This new book brings managers up to speed on the business potential of analytics and artificial intelligence (AI), and how to gear their organisations up for change and innovation.
Analytics and AI- Startups and enterprises looking to harness the power of exponential technologies can find useful checklists, frameworks, and case studies in the new book, AI and Analytics: Accelerating Business Decisions by Sameer Dhanrajani.
“AI is the natural evolution to changing genres of sophisticated analytics, further strengthened by an algorithm economy,” Sameer begins. “AI is rapidly becoming the vehicle to address and solve the most pressing societal problems related to healthcare, security, education, and allied areas. This makes it akin to the next Industrial Revolution itself,” he adds.
Sameer is the Chief Strategy Officer at Fractal Analytics, and was earlier at Cognizant Technology Solutions and Genpact. The book is drawn from his 150 blogposts over five years, but the book could do with a lot more editing to remove repetitive material. The painfully small font makes it difficult to read across the 372 pages, and many figures and charts are illegible.
Here are some of my key takeaways from the book in terms of trends, impacts, organisational change, startup players, and future challenges. See also my reviews of the related books Big Data Revolution, Big Data @ Work, and Life 3.0.
The book begins by identifying key trends in this space: industrialisation of analytics; data collection and monetisation; analytics-led business transformation; and rise of the algorithm economy in areas like behavioural prediction. Market forces drivers for analytics are technological advancement, rise of consumerism, data explosion, and competitive pressure.
Depending on the level of maturity with respect to reactive, tactical, and strategic use of analytics at the local or enterprise-wide level, companies can be classified as laggards, amateurs, practitioners or masters. Analytics in mature organisations is business-user friendly, and grows beyond the purview of CTOs and CIOs. In a data-driven economy, data sits at the core of every business model, leading to real-time insights and agile decision-making.
AI is powering new models of assisted intelligence (in clearly-defined, rules-based, repetitive tasks, for example in Gmail), augmented intelligence (for example, clinical decision support; Netflix recommendations based on individual and group patterns), and autonomous intelligence (for example, facial recognition, driverless cars, automated trading).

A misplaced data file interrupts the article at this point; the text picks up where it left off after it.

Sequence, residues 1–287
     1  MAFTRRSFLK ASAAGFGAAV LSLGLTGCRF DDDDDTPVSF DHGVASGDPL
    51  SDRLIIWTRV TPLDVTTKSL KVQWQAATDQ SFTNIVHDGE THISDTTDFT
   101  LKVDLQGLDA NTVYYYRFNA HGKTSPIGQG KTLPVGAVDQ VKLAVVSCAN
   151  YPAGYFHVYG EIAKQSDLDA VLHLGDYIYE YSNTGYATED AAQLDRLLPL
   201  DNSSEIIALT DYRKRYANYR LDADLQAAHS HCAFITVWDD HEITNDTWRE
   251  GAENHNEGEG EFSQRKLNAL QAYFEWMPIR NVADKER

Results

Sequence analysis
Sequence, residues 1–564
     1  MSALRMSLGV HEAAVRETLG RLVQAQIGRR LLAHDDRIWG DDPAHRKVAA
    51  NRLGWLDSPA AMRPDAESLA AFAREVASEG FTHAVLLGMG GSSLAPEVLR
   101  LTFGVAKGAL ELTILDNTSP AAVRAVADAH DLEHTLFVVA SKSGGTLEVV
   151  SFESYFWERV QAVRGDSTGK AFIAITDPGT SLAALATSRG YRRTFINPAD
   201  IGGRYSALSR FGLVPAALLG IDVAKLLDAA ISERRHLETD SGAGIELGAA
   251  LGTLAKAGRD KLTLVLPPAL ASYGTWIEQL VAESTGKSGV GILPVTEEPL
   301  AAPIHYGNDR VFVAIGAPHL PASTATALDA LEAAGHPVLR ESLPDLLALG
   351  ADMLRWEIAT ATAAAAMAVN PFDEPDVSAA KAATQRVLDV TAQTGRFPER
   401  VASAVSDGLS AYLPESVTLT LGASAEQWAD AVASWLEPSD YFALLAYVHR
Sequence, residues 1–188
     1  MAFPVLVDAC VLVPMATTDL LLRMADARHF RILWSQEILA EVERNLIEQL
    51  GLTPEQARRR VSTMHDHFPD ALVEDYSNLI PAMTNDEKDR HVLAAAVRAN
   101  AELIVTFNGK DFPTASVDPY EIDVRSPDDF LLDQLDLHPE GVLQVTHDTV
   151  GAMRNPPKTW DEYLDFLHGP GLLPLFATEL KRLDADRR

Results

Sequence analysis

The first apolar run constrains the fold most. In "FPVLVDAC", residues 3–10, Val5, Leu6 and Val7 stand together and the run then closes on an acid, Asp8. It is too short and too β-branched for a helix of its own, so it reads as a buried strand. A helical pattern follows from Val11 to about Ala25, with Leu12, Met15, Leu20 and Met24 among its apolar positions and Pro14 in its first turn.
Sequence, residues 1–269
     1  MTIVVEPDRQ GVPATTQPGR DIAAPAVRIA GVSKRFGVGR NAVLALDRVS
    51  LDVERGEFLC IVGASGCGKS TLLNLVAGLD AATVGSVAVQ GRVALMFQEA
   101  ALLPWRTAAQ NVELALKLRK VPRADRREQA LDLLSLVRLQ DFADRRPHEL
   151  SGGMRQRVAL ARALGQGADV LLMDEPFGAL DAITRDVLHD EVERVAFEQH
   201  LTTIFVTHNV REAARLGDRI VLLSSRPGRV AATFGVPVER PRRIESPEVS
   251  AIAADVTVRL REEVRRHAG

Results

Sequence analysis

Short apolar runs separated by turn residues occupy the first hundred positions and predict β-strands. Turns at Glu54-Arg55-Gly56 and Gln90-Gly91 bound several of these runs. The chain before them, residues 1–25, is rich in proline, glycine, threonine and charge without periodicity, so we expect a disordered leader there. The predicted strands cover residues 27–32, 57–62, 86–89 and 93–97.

Transformation 1: Analytics
The journey to analytics transformation is not a sprint but a marathon, Sameer cautions; it involves technology, process, culture and leadership change. Just gathering lots of data is not enough; many companies have large volumes of “dark data” in silos.
The transformation calls for unification in approaches across divisions and functions, internally and externally. Companies should think big, frame the right questions, craft a data agenda with effective quality and governance, and embed insights at the right touchpoints to deliver immediate value, Sameer advises.
Effective “data horsepower” depends on data quality, storage, assimilation, sanitisation, harmonisation, and visualisation. Data readiness should be followed by technology and business readiness. Security and privacy of consumer data should also be respected.
Close cooperation is needed between the data management team, data modelers, data scientists, visualisation experts, domain experts, and business unit heads. Early initiatives can focus on projects and tactics, then scale up to strategy and partnerships.
In the age of the predictive enterprise, the “data deluge” should be converted to a data monetisation engine. Data is worth monetising if it can predict behaviours, lead to actionable insights, refine understanding of existing and potential customers, and make a decision with precision.
Sameer offers a 2X2 matrix comparing data maturity and analytical maturity to decide whether corporate decision-making is gut-based, reactive, tactical or forward-looking. Speed and quality of response are important if they can prevent fraud or failure, reduce customer waiting time, and improve resource utilisation.